Probate & Property Magazine

P R O B A T E   &   P R O P E R T Y
September/October 2008
Vol. 22 No.5


Technology Property

Technology Property Editor:
Gerald J. Hoenig, 8495 Caney Creek Landing, Alpharetta, GA 30005,

Technology—Property provides information on current technology and microcomputer software of interest in the real property area. The editors of Probate & Property welcome information and suggestions from readers.

Selecting Practice Management Software, a Daunting Task

This column has not included recommendations for software since I started writing it in 2002. The basic reason is that I do not have the time to thoroughly test software packages in any particular category. Although I use a variety of software, I generally do not have the need to take advantage of all of the features of any software product.

For one software category, document automation, for which I became thoroughly familiar with almost all of the features of one software package, I did write two columns. In the first, I outlined the benefits of using document automation, and in the second I surveyed the market for document automation software. Because I used only two of the available packages, I did not recommend any particular product. Rather, I presented an outline of specifications that I thought a good document automation software package ought to have. Then, I reported on the information I obtained from a survey that I sent to all the companies that I could determine with software available in the marketplace (and I think my recollection is correct that every company to which I sent a survey furnished at least a substantially completed survey to me).

Since then, I have thought from time to time that I should cover other software categories, but I have never written such a column because I felt I could not adequately compare the competing products.

I have been particularly interested in covering practice management software, systems that help lawyers manage their practices. There is probably no complete agreement on what constitutes practice management software. The available packages have many features, and the number of features necessary for a particular firm will depend on the size of the firm and the nature of the practices within the firm.

On a number of occasions, including my column in the May/June 2008 issue, I have mentioned the wonderful asset that ABA members have in the knowledge available from the ABA Legal Technology Resource Center (the “LTRC”). The LTRC does not make brand recommendations, but it does advise inquiring members about considerations to keep in mind when selecting a software package of a particular kind and pitfalls to avoid in the context of the member’s circumstances. It became apparent to me that I could convey some important information about practice management software selection to the readers of this column by taking advantage of a free consultation with the LTRC.

I contacted Catherine Sanders Reach, director of the LTRC, and she concurred that it would be useful for me to interview an LTRC staff member to assist me in writing this column on practice management software. In fact, Ms. Reach volunteered to be the person I would interview. The interview took longer than I expected and resulted in this column covering a couple of basic principles relating to the acquisition of legal software in general. Ms. Reach was very generous with her time and very open with her thoughts. She provided useful links to articles on the LTRC’s web site that provide more detailed discussions of facets of the selection process. Rather than repeat those articles here, I have included their links below where appropriate.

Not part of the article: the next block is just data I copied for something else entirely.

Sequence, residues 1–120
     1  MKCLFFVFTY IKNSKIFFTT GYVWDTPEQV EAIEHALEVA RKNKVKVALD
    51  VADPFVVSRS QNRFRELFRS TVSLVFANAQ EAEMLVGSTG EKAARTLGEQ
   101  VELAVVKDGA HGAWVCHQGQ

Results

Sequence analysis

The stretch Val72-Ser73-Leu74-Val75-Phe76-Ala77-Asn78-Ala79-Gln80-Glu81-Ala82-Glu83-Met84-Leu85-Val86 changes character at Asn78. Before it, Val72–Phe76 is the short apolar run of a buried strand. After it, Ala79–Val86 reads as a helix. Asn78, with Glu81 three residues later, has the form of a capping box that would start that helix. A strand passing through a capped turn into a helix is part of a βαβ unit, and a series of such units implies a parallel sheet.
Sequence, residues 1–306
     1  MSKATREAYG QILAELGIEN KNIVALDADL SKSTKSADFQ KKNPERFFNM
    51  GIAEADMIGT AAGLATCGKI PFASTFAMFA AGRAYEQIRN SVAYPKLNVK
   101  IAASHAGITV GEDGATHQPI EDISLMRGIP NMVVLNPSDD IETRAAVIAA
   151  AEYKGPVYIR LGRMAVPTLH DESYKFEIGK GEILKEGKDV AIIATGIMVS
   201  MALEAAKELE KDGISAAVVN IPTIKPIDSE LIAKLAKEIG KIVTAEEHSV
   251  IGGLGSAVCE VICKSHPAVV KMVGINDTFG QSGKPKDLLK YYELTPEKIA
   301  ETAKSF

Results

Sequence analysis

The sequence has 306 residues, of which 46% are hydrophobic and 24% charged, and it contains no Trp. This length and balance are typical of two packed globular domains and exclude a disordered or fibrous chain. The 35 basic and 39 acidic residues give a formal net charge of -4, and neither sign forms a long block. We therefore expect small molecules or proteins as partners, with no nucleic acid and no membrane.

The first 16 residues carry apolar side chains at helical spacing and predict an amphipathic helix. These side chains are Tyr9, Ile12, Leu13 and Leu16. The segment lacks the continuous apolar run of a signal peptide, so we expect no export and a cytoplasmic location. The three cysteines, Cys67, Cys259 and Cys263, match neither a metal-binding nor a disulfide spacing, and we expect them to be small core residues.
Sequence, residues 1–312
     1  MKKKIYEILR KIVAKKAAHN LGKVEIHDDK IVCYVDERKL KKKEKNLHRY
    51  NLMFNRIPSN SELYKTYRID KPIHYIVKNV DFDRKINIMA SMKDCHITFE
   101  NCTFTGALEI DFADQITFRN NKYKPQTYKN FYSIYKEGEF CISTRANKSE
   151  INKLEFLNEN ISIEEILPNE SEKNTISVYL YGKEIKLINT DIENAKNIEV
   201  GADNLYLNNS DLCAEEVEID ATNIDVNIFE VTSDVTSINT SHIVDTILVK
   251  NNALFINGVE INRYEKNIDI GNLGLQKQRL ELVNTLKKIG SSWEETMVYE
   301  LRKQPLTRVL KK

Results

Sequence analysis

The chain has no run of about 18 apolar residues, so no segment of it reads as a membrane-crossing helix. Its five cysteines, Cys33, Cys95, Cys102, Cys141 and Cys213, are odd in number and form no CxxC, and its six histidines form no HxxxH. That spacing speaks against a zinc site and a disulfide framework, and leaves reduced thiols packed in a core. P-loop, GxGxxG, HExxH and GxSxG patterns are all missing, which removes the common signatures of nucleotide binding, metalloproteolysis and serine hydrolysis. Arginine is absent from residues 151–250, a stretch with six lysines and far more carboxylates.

After reading this column, I think you will be in a better position to consider acquiring practice management software. Many, if not all, legal practices have unique elements, and this column and the related articles for which links are provided herein may not cover all issues necessary to consider in making a purchase decision for your practice. In that case, use this column and the LTRC articles as basic information; you may follow up by contacting the LTRC by e-mail or phone directly.

For anyone considering purchasing practice management software, the first question to ask is whether the software is necessary or efficient for the particular firm. For example, some lawyers use Outlook or another e-mail program with an address book for their client database and e-mail manager. That may be effective for some solo practitioners with very limited practices. But if rule-based calendaring, time entry, or billing are important to your firm, features that are available in practice management software, then Outlook and similar programs will not be satisfactory solutions.

At the commencement of your search to purchase any law office software, not merely practice management software, it would make sense to review the Checklist for Purchasing Software for the Law Officeat
techselectcheckfyi.html. Using the checklist will help you determine if it makes sense to acquire the software and will help you consider the total costs of acquisition.

The following are brief descriptions of the practice management software elements to consider when making a decision. (Please note that certain categories and the ultimate solutions in the categories are not appropriate for every firm and practice; the simplest or the most robust package may or may not be what makes sense for you.)

Calendar—This ranges from a simple calendar function to remind users of important deadlines to rule-based calendaring to reduce the possibility of missing important court deadlines. Some systems are updated as court rules change. This will not only reduce the chances for exposure to liability and promote client satisfaction, but use of a rule-based system also can qualify you for reduced malpractice insurance premiums.

Client Database for Contact Management—This can be a simple address book that can store limited information about each client or a more sophisticated system that enables the user to add and customize additional fields of data for each person in the address book or database. Some systems allow all or certain fields to be subject to validation requirements to reduce the possibility of nonsense data being entered. This may relate to certain dates, quantities, or text data that generally should be within certain ranges or fit certain patterns.